Wednesday, March 24, 2010

The Federal Reserve Needs To Do NO Homework On Bubbles.

The Vice Chair of the Federal Reserve recently said that the Fed needs to do homework on how to combat bubbles.

Here is a somewhat modest proposal of a suggestion: Why don't we outlaw the very human nature that causes bubbles to form?

Bubbles will, in all likelihood, always form. Rather than people crying about how terrible they are, why don't we embrace them? I don't understand why it is that the Fed would be able to detect a bubble, even with doing a ton of homework. After all, they are presently CAUSING the bubble in US Treasuries; not to mention the fact that they were a major contributor to the real estate bubble.

Why not leave bubble detection to the private sector, where shrewd capital allocators like Michael Burry, can profit from the crash, then re-allocate close to the bottom and make a killing for himself/herself and their investors? While I certainly won't say that I will be able to figure out much about the next/present bubble, I salivate at the idea of the Dow loosing a couple thousand points- stuff just ain't as cheap as it used to be!

I can't believe that I just posted a link to something Michael Burry related; it seems as if the value investing blogosphere has been trumpeting his praises for the past few weeks... The fact I did doesn't seem very contrary of me, now does it? ;)

BTW, I just noticed that I have been doing few investing posts as of late. As this is the case, I won't mention that Dick Cheney just endorsed Trey Grayson, and how Trey Grayson is so desperate that he is spinning the endorsement as if it is actually a good thing. :)

Monday, March 22, 2010

Great News! My Health Insurance Will Be Illegal in 2018...

After doing a little bit of research, I have found that my health insurance coverage which I pay for individually, will be illegal in 2018; due to the fact that I must pay out of pocket for most all preventative care- something that the bill doesn't allow for.

This is pretty disheartening to me for a few reasons. I willingly chose the plan that I have. Since I am a pretty young guy, with little wrong with me, I figured that it would be smart for me to pay little monthly, put some extra money into various investments, and to have insurance for catastrophic stuff; say, if I am hiking at Red River Gorge, have a few too many Ale-8 Ones at Miguel's, fall off the Natural Bridge due to the sugar and caffeine hitting my system, and need to be in the hospital for a few months.

As a result of this, I pay around $50 bucks a month to get a 'provider discount' at my doctor (since Humana suggests to their clients go to said group of doctors), and pay $115 bucks whenever I decide to go to the doctor (a rare event). Humana doesn't pay a cent until I have $7,500 in expenses, then cover everything up to a pretty darned high limit. My insurance pays virtually nothing for my prescriptions when I need them, but this works for the best, since I have only had 2 filled in the past year (they were only $40 bucks at Wal-Mart).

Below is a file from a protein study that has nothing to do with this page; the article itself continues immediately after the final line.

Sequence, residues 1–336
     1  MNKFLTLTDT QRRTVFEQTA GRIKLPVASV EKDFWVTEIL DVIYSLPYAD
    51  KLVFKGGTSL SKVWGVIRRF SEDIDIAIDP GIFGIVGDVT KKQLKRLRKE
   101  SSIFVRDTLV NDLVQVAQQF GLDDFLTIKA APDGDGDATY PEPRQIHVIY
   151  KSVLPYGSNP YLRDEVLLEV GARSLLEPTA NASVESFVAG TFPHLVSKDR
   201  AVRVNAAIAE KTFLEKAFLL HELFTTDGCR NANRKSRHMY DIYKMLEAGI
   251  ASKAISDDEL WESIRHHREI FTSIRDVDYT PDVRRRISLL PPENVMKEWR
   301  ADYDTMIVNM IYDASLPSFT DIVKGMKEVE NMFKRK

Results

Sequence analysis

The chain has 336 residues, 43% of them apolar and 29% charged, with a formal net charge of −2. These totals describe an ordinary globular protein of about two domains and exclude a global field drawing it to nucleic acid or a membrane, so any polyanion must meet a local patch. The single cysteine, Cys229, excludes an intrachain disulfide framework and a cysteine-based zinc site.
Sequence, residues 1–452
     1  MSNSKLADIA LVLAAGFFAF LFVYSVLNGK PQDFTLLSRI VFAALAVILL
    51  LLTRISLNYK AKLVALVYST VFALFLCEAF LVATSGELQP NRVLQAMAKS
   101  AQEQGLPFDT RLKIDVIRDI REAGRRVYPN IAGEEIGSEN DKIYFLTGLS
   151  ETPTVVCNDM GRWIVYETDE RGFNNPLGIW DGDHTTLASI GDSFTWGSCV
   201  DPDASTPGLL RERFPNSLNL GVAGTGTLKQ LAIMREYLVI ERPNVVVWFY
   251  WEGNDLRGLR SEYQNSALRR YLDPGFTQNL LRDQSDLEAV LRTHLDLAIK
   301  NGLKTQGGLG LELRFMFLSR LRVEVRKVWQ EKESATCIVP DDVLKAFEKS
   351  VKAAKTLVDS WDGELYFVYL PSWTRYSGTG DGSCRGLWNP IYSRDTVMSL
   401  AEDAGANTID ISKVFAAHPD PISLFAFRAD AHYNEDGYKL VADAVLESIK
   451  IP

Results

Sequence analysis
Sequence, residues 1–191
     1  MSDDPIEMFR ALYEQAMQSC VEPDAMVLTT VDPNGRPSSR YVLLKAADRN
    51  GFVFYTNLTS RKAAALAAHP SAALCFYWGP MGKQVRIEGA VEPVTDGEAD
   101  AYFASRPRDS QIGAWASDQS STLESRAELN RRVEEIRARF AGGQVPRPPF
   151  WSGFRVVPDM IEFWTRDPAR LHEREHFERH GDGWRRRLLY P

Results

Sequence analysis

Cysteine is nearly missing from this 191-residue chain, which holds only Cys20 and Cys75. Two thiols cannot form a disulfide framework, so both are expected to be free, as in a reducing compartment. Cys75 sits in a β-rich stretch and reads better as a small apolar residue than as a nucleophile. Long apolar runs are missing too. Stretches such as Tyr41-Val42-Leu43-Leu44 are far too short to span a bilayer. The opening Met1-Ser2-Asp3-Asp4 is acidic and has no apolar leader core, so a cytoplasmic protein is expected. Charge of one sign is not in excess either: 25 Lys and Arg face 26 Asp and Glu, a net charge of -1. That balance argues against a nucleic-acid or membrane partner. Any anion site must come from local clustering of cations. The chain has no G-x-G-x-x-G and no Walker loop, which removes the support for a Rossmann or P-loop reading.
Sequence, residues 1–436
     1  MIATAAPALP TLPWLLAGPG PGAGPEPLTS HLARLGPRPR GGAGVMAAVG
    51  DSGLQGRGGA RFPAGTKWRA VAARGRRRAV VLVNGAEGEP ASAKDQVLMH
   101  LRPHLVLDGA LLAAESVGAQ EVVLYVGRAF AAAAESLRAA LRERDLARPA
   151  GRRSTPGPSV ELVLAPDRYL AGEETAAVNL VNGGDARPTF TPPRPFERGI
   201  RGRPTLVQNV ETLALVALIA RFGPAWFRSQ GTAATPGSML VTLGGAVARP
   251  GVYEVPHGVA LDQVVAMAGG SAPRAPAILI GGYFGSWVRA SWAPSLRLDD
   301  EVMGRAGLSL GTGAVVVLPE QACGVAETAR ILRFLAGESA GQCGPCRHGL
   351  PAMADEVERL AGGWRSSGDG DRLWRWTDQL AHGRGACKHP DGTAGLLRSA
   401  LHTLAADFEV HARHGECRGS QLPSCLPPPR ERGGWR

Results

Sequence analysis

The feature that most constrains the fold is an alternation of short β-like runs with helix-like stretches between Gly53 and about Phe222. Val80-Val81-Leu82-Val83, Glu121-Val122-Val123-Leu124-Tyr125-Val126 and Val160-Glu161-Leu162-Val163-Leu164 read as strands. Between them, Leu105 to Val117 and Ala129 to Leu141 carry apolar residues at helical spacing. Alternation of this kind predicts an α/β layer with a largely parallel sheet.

So far, my insurance company has had super high margins on my account, and, I too, have saved money as I wouldn't have utilized the benefits of a better plan. Up until now, it has been a great economic exchange that we have both been happy with. Very occasionally, I like to get blood work done as part of what seems to be a bi-annual check up, just to make sure that my cholesterol, triglycerides, and various other blood counts don't get too out of whack; remember, every couple of years when this gets done, I pay for it with cash money.

Additionally, if you look up the term co-payment on Google, in the first link (Wikipedia), the 4th sentence talks of the reasons to use co-payments- to prevent moral hazards and keep over all costs down. I really wonder how getting rid of some forms of co-payments will help to cut costs.

Regardless, the government, is now implicitly telling me through this law that I have been getting screwed the whole time by my insurance company. Since the progressives are looking out for me, they won't let me pay for any preventative care 'out of pocket' anymore and I/the other people being underwritten must pay for it over time with our premiums!

This boggles my mind. President Obama once said that if we liked out health insurance, we could keep it... Well, guess what Barack? I didn't like my plan, I loved it; now, after you sign this ridiculous bill into law, the health insurance that I CHOSE TO HAVE will be illegal in 2018.

President Obama, you sir, are a liar, or, at best, are simply an abject failure when it comes to getting what is right, done.